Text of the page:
We'll form the Municipality of Cabbagetown, he said.
You'll be our mayor, Craig, I said.

Had an interesting experience recently; a student wrote a heartrending piece about depression, a beautifully written evocation of how her despair and lack of will to live are affecting her life. We discussed it as literature but couldn't help also dealing with its subject matter; I went on and on about how I am a profoundly positive person in love with life and simply cannot understand depression ... and then I remembered. My God, when my marriage was is trouble and my soul was confused, miserable, terrified, I couldn't sleep for months and sometimes was wracked with fear. I called it "the pit," that hole in the centre of my being into which I could easily fall.

Finally I went to see a therapist, thinking I'd see her once or twice and be fine. Seven years later, we finished - and that included five years of psychoanalysis, four times a week. Four times a week for five years (it was a part-time job, with the summer off), and then two years to get started and wind down, for me to be fixed and turn into the profoundly positive person in love with life I am today. It was worth every agonizing hour and the many thousands spent, no question about it; a great blessing. But it's funny that when I read the piece about depression, I had no notion that this subject could have anything to do with me. How soon they forget.

If I dwell on the reality of Rob Ford, however, it all may just come back, so this positive person will just try not to think about it.

facing the moron

I slept badly and opened the morning papers with dread. Sure enough, there he is, vowing to cut everything in sight. I can feel libraries, social programs, public transit, all good things battening the hatches, right now, for the hurricane of the next four years. Four years!

But speaking of hurricanes, as I lay in bed listening to the church bell toll five, I thought, wait a minute. Think of what other cities have endured - earthquakes, floods, tsunamis, cholera. This is only a nasty small-minded bully from Etobicoke. It could be so much worse.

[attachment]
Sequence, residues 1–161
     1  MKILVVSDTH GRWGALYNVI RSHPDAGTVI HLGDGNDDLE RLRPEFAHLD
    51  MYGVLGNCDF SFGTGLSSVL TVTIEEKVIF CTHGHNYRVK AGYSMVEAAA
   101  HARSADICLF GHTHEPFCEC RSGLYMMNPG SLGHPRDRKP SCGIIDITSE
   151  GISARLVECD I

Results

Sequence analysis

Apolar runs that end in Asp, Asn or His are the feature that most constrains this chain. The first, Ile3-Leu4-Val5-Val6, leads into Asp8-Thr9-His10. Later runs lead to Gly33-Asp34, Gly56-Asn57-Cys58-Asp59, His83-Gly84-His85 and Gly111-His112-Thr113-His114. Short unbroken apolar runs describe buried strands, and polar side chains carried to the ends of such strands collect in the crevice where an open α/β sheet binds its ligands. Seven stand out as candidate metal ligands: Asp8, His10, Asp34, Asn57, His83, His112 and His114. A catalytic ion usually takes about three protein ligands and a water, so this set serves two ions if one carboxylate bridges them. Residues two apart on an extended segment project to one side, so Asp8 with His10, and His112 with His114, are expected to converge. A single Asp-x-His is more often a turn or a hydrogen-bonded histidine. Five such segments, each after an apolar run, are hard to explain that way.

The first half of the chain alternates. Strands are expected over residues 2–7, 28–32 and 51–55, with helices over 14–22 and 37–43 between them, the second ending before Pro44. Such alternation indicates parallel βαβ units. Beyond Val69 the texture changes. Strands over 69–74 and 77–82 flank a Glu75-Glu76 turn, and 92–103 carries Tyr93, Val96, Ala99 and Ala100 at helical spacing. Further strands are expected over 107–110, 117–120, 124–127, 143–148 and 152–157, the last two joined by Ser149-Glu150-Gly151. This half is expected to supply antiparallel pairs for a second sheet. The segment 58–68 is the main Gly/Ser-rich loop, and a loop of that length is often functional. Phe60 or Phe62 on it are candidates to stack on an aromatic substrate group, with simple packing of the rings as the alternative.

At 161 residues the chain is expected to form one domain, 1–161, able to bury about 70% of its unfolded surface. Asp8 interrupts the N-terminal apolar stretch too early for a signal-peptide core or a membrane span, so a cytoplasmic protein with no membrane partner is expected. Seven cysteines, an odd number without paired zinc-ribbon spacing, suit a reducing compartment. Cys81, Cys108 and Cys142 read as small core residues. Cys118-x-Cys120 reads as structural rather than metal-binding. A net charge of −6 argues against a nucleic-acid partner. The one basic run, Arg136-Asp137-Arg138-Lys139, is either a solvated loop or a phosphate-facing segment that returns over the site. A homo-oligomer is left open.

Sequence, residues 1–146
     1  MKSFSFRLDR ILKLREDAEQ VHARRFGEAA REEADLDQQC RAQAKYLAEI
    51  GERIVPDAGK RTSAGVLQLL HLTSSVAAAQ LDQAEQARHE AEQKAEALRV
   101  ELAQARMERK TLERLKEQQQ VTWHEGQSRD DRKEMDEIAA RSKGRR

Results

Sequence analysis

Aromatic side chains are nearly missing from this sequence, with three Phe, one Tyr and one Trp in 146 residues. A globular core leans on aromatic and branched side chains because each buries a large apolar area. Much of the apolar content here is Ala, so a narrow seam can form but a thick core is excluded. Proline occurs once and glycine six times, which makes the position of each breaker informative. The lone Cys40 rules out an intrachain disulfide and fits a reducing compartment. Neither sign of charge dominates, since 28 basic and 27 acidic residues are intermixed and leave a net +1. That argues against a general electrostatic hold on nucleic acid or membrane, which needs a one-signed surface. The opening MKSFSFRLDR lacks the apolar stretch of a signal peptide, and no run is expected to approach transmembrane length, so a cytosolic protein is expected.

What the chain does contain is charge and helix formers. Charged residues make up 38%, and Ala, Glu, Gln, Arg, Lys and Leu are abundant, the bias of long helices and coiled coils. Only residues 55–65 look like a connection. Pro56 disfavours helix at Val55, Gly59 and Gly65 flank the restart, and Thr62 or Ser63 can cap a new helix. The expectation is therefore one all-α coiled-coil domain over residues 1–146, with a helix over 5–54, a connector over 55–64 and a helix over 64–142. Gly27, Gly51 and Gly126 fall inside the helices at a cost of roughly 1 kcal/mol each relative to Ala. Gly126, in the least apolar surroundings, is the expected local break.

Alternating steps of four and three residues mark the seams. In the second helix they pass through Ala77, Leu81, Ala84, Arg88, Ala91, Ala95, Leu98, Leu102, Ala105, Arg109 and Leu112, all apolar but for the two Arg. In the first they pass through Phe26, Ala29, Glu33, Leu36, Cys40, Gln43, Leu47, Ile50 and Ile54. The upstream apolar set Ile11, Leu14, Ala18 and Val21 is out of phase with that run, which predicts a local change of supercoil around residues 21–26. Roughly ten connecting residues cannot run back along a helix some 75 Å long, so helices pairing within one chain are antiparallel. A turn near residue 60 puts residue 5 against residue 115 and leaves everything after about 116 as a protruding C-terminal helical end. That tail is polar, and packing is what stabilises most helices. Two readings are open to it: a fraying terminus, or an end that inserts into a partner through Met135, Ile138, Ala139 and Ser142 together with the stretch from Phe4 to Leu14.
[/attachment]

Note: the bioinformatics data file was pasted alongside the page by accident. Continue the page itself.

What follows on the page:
I have two words for you, grieving Torontonians: Mel Lastman. We survived him and we'll survive this moron, too.

Though if you have to say that your mayor is only marginally better than a cholera epidemic, it's pretty bad.

Monday, October 25, 2010

this hideous election

Don't talk to me right now, okay? The unimaginable has happened - a beefy-faced small-minded red-neck (what other hyphenated words can I think of?) idiot bully is now the mayor of Toronto. Unbelievable. "The revenge of the suburbs," I heard someone say on the radio before I turned it off.

THANK YOU, MIKE HARRIS, for destroying the old City of Toronto, so "the revenge of the suburbs" is possible. You son of a bitch, you must be really happy. Of all the politicians I have loathed - George Bush! Stephen Harper! - you are still, after all this time, number one, and never more so than tonight.

Ah well. Perhaps this will inflame idealistic people to get involved. I've lived long enough to know that it's possible to feel joyful at election results (Stephane Dion!) and to find out, months or years later, that things were just not going to work out. So perhaps the reverse is also true, and there will be unforeseen positive results from this horrible event. Let us hope. My friend Lynn writes from France that the country is paralyzed in protest against Sarkozy, all classes cancelled, high-school students raging in the streets. I wonder if Canada will ever be like that.

In the meantime, there's a documentary on Bravo about the Rolling Stones, the perfect antidote to tonight. What a strange band they are - Mick, the manic man-boy with no hips and big lips, jerking and writhing in the front, and behind him, the mysterious malevolence of the pirate Keith and the silent background non-entities, Ron and Bill. So totally different from my Beatle boys, four independent, vibrant personalities, and that perfect balance, for most of their musical lives at least, between John and Paul - all of them (well, rarely Ringo) writing, singing, at the front.

I am focusing tonight on the Rolling Stones, so I don't have to think about that piggy red face on the front page tomorrow. As Howard Moscoe said, in the brief bit I watched on TV, "This is a man who as a councillor couldn't even work with the RIGHT WING of council. It'll be a ride."